“The disciples said to him, ‘If such is the case of a man with his wife, it is not expedient to marry.’ But he said to them, ‘Not all men can receive this saying, but only those to whom it is given. For there are eunuchs who have been so from birth, and there are eunuchs who have been made eunuchs by men, and there are eunuchs who have made themselves eunuchs for the sake of the kingdom of heaven. He who is able to receive this, let him receive it.'” (Matthew 19:1-12)

Jesus implied marriage was for life and divorce only permitted under the exception of adultery. The disciples were startled at the standards Jesus indicated when He quoted Moses as authoritative. A single life might be better, they said. Jesus responded that a celibate, single life, “for the sake of the kingdom of heaven” was acceptable.

Jesus made no mention of homosexuality as a third option for those who might have been “born that way.” He didn’t suggest that all have a right to choose their own “sexual preference.” He did not give us the slightest reason to believe that every individual has a God-given “right” to his or her body, to do with it what we wish. Instead, he presented a picture of marriage which is at times difficult and demanding, but is the only relationship where sexual expression meets with God’s approval. Those who prefer to remain single are to live as “eunuchs,” that is without expressing their sexual desires.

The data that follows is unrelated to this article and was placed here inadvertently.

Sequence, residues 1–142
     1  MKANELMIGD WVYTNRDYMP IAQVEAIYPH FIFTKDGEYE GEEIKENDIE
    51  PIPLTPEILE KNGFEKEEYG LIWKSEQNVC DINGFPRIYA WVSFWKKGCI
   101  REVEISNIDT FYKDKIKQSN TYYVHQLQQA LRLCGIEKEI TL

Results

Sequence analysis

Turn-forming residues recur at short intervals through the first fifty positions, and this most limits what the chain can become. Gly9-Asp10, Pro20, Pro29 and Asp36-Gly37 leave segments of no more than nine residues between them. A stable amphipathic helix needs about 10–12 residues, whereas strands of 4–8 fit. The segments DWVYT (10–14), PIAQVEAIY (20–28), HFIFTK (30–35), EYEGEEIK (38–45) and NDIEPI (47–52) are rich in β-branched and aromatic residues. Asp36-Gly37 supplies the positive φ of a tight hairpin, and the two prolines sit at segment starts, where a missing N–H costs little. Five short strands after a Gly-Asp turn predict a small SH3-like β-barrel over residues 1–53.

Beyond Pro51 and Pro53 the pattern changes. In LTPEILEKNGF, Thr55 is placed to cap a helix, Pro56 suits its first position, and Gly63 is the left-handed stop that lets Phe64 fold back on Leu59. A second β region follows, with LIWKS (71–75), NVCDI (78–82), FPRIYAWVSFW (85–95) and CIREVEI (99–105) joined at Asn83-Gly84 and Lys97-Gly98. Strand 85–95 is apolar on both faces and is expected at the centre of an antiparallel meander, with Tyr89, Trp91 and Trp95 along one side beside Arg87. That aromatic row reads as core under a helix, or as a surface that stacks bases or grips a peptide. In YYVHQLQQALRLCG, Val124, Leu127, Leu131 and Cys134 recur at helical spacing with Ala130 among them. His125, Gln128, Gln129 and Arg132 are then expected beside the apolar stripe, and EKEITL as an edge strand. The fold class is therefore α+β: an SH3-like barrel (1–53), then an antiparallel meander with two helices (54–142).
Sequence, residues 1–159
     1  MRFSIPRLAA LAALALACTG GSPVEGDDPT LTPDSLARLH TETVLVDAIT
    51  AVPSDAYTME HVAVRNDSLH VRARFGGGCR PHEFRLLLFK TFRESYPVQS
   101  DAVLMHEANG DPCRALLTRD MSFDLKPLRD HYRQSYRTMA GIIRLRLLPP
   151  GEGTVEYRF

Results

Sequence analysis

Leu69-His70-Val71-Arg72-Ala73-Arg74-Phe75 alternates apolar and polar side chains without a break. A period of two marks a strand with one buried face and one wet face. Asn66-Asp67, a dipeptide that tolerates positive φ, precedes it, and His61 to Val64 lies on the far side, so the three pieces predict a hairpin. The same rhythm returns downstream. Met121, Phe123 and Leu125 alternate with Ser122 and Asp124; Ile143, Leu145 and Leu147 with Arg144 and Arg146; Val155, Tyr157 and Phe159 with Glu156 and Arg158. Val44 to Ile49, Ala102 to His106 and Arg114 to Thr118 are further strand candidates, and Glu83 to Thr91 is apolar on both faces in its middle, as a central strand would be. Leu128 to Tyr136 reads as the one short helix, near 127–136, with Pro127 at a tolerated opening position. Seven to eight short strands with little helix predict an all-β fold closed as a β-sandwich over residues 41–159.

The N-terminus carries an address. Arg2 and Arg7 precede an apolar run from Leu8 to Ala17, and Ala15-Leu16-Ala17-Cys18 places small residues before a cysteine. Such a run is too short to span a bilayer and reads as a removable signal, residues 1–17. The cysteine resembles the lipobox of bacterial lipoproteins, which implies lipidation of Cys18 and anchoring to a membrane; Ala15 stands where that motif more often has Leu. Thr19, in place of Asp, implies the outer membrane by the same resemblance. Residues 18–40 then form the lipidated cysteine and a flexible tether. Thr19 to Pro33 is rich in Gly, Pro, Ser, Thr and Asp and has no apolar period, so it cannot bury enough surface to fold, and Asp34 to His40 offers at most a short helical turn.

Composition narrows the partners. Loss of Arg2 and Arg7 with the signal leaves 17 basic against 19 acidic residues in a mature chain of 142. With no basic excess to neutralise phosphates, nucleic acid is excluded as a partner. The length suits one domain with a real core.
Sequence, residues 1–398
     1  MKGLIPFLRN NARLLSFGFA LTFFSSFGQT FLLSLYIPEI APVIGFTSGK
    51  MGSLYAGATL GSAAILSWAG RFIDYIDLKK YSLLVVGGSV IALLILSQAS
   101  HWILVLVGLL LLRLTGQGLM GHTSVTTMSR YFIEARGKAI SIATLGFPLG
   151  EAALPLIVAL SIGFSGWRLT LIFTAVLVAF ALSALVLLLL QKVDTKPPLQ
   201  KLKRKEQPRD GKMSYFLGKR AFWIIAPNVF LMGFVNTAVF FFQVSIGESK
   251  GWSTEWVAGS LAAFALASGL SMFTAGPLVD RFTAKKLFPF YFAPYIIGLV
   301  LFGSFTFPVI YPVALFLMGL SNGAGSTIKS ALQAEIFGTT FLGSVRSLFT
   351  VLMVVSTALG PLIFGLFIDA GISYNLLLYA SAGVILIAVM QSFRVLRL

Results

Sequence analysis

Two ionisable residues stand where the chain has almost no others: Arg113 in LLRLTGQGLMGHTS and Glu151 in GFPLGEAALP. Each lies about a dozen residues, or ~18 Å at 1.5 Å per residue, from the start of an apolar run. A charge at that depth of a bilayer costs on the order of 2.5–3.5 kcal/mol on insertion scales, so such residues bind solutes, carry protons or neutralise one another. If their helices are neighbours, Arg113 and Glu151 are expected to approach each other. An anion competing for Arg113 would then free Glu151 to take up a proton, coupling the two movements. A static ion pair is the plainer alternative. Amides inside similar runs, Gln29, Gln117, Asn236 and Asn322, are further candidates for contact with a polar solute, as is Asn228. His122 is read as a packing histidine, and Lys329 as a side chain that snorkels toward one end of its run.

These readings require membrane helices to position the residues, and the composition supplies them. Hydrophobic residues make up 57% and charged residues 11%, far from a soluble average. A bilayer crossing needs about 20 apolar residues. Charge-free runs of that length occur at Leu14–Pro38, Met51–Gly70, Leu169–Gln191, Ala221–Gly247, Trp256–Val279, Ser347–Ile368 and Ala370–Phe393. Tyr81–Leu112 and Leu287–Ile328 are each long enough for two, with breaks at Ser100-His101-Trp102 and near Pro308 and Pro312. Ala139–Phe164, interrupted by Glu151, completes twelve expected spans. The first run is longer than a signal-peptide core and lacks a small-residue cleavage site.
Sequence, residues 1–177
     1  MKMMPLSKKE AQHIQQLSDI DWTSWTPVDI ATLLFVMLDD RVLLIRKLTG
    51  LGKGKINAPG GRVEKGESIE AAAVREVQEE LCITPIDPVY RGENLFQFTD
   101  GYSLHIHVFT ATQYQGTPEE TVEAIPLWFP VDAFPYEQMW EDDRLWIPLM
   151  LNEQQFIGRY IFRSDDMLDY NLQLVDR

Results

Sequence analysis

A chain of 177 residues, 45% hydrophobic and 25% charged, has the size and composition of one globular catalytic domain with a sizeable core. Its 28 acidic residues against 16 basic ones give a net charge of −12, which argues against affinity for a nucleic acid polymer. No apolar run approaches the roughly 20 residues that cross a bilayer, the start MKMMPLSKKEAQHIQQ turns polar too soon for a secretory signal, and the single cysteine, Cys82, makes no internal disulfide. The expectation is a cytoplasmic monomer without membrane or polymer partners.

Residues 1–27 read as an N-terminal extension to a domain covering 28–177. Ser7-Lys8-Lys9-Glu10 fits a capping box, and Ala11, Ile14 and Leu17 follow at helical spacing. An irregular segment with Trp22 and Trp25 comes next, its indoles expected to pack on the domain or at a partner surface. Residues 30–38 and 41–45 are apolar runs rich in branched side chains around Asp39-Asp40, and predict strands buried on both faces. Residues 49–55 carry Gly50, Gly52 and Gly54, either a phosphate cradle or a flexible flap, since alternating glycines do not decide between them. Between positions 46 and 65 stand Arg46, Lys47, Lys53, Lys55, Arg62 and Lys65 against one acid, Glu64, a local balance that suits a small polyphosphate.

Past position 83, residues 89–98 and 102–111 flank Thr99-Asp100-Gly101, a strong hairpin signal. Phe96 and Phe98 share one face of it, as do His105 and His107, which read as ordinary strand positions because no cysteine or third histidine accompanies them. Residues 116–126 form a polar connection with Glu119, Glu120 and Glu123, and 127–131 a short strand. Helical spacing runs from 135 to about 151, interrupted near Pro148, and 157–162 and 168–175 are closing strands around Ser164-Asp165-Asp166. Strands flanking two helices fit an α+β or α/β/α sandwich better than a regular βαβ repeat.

One reason Jesus said nothing specifically about homosexuality is that “gay lifestyles” were virtually unknown in Israel in His day. It’s always important to remember that Jesus lived in a culture. While God was certainly aware of the larger Greco-Roman cultural practices, Jesus’ audience was not. Everyone knew and understood the acceptable standards of their culture. Even suggesting heterosexual activity before marriage was scandalous enough that Joseph almost put Mary away for becoming pregnant by the Holy Spirit (Matthew 1:18-24)